Stock markets in Europe and the US endured heavy losses yesterday on account of renewed health fears.
In the early days of the coronavirus crisis, President Trump played down the severity of the situation, but he has since changed his tune. Yesterday, the US president declared the country is in for a ‘very, very painful two weeks’. The comments hit sentiment, leading to the major indices in Europe losing more than 3%, and the big equity benchmarks in the US in excess of 4%.
The sell-off was felt across most commodities too as silver, palladium, platinum and oil all lost ground. Gold drove higher yesterday as the metal benefitted slightly from the flight to quality play. The CMC JPY index was the outperformer in the forex indices. The tumble in stocks, oil and industrial metals, combined with a move higher in gold and the yen painted a picture of a textbook risk-off session.
Trading in Asia has been mixed as dealers remain cautious about the health crisis. Stocks in mainland China are slightly up, while equities in Japan and Hong Kong are offside. The US index futures have rebounded a little, but European equity markets are poised to open a little lower.
The oil market has been under pressure recently from demand worries, but also from the price war between Saudi Arabia and Russia. The Saudis are gearing up to boost output as the Kingdom is keen to drive down the energy market as a way of getting back at Russia for not agreeing to output cuts at the latest OPEC+ meeting. There is talk that Mr Trump will get involved in the situation in an effort to put a floor under the price – the US president is conscious the shale sector is under enormous pressure on account of low prices. Yesterday, US oil stockpiles came in at 13.8 million barrels, which greatly exceeded the 3.7 million barrels forecast. Gasoline inventories jumped to 7.5 million barrels. The reports point to a decline in economic activity, brought on by the disruption caused by pandemic.
Last week we saw a lot of money being thrown at the pandemic as central banks and governments took drastic measures to cushion the blow to their respective economies, but now dealers must contend with the growing health crisis.
Covid-19 has claimed more lives in the US than it has in China. Europe is grappling with the health emergency too as Italy and Spain have been hit hard by Covid-19 in terms of cases. Italy will now keep its lockdown in place until 13 April, while Germany has extended its lockdown until 19 April – this points to more financial pain on the horizon.
The European manufacturing sector is suffering on account of the health emergency. Yesterday the major European economies released the final readings of their manufacturing PMI reports. The Spanish reading came in at 45.7, which was a big drop from the flash reading of 50.4. It was a similar situation in Italy, whereby the flash update was 48.7, but the final metric was 40.3. The big revisions lower underline the slide in activity. The UK report was the best of a bad bunch as the final level was 47.8, the consensus estimate was 47, while the flash reading was 48. It is worth noting the manufacturing industry is a relatively small portion of the British economy.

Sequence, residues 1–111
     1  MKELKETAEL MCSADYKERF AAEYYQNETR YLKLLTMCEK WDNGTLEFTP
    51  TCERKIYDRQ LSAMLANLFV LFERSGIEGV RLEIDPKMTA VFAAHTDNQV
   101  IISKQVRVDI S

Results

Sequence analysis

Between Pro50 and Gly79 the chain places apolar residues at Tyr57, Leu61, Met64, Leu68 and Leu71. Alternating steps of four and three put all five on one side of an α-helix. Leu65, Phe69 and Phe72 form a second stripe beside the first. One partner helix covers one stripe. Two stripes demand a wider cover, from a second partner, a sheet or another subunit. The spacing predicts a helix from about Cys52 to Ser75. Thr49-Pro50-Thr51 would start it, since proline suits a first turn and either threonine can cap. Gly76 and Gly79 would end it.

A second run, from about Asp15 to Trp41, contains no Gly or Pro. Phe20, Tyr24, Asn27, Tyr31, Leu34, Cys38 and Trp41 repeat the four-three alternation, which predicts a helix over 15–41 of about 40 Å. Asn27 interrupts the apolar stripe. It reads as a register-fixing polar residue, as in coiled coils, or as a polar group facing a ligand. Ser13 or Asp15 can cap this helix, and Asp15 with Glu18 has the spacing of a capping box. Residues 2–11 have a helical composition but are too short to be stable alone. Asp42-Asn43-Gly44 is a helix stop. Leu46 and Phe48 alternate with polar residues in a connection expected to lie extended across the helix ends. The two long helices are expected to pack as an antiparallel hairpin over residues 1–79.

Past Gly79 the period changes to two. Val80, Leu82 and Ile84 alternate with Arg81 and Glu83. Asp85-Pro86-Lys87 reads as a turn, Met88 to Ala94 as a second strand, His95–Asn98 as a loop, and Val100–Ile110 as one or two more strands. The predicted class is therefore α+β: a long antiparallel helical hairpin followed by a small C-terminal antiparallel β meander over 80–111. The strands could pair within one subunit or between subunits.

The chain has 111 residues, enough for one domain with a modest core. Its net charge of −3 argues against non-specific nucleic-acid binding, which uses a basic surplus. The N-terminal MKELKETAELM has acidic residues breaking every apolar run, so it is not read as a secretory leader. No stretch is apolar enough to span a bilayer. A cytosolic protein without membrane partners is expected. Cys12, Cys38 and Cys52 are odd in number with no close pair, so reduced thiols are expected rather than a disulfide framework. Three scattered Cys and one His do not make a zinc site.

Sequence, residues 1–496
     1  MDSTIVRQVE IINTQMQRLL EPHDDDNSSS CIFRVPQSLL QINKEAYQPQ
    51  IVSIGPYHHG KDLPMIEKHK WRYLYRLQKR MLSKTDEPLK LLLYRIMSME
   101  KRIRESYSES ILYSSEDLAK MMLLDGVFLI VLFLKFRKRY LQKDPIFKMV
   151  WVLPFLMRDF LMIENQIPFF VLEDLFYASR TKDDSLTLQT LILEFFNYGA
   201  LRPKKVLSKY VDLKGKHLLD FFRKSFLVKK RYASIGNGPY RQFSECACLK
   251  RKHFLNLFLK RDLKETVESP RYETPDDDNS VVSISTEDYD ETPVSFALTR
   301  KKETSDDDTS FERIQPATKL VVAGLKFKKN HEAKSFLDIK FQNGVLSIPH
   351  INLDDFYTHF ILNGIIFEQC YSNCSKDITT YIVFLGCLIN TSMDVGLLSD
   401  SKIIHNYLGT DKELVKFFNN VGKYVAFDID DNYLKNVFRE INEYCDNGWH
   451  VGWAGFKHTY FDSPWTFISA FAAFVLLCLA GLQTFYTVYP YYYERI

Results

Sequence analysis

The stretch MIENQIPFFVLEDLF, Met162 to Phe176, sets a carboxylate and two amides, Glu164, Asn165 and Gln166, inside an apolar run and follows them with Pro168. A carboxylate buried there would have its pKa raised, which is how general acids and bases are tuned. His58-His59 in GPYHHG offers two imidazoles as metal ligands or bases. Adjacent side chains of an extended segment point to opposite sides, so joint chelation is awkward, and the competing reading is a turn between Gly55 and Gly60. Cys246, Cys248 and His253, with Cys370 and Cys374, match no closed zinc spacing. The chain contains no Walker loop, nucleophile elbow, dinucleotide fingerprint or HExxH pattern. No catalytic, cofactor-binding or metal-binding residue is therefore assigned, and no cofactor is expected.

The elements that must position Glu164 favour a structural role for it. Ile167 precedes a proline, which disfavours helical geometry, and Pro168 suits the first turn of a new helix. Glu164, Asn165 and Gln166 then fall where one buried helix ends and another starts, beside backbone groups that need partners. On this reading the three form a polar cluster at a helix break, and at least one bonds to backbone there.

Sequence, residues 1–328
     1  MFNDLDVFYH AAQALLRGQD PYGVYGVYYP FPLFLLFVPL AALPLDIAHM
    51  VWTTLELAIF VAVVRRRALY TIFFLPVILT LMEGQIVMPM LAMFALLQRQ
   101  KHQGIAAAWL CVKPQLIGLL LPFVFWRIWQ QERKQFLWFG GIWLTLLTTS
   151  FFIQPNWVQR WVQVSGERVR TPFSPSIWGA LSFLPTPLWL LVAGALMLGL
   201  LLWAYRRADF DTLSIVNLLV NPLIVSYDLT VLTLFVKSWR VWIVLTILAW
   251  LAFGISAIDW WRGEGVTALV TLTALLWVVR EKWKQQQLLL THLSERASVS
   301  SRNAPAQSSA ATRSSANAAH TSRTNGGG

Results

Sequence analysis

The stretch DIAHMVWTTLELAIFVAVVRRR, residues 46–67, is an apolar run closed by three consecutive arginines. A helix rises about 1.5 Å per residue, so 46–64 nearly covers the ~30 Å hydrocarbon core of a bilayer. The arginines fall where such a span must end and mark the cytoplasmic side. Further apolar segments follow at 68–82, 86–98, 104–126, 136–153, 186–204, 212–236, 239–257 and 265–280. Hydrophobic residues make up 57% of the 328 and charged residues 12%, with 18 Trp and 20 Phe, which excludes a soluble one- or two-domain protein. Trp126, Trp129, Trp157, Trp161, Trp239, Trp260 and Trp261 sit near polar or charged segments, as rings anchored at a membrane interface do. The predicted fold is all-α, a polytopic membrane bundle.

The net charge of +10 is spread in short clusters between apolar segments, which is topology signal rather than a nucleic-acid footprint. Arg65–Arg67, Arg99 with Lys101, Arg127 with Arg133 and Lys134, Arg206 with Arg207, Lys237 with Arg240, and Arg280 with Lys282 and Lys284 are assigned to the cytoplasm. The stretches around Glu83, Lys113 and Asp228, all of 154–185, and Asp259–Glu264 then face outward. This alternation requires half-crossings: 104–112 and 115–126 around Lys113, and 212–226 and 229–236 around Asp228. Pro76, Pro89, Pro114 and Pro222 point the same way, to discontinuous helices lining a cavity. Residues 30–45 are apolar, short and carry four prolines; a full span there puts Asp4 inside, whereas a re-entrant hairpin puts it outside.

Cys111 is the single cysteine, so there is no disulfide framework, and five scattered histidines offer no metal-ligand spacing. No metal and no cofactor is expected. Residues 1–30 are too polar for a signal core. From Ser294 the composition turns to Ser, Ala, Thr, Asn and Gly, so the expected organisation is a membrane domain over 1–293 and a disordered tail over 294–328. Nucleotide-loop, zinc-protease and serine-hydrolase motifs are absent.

On the face of it, the US ADP employment report wasn’t too bad all things considered. In March, 27,000 jobs were lost, while economists were anticipating 150,000 jobs to have been lost. The devil is in the detail, and it is worth noting the report covers ups until 12 March – so much of the economic disruption was missed in the update. The finer details of the announcement showed that medium and larger companies added a total of 63,000 jobs, while small firms lost 90,000 jobs. When a downturn hits, smaller companies tend to feel the impact first, so this could be a sign of what is to come for the wider jobs market. The US ISM manufacturing reading was 49.1, and that easily topped the 44.5 forecast. The employment component of the update slipped to 43.8 from 46.9 – another sign of weakness in the jobs market.
The US dollar performed well yesterday as it made good headway versus the euro, the Australian dollar, and the Canadian dollar. Its move higher versus the pound was relatively small as sterling was reasonably strong.
At 7am (UK time) the UK Nationwide house price index report will be posted, and prices are tipped to drop by 0.1% on a monthly basis.
Eurozone PPI is expected to drop from -0.5% to -0.7%. The update will be released at 10am (UK time).
The US jobless claims reading is anticipated to be 3.5 million, and keep in mind last week’s update was 3.28 million. Economists are expecting the US trade deficit to fall to $40 billion from $45.36 billion. The update will be posted at 1.30pm (UK time). US factory orders will be posted at 3pm (UK time) and the consensus estimate is 0.2%.
EUR/USD – has turned lower recently and while it holds below the 1.1000 mark, the negative move is likely to continue, and further losses might see it target 1.0870. A retaking of 1.1000 might put 1.1147 on the radar.
GBP/USD – has been driving higher recently and if the bullish move continues it might target the 100-day moving average at 1.2879. Should the currency pair undergo a pullback, it might retest the 1.2000 area.
EUR/GBP – is in a downtrend and further losses might see it target 0.8758 – 200-day moving average. A break above 0.9000 might send it to the 0.9100 area.
USD/JPY – has been pushing lower for over one week and while it holds below the 200-day moving average at 108.30, the bearish move should continue. Support might be found at the 106.00 area. A push higher from here could see it retest the 110.00 zone.
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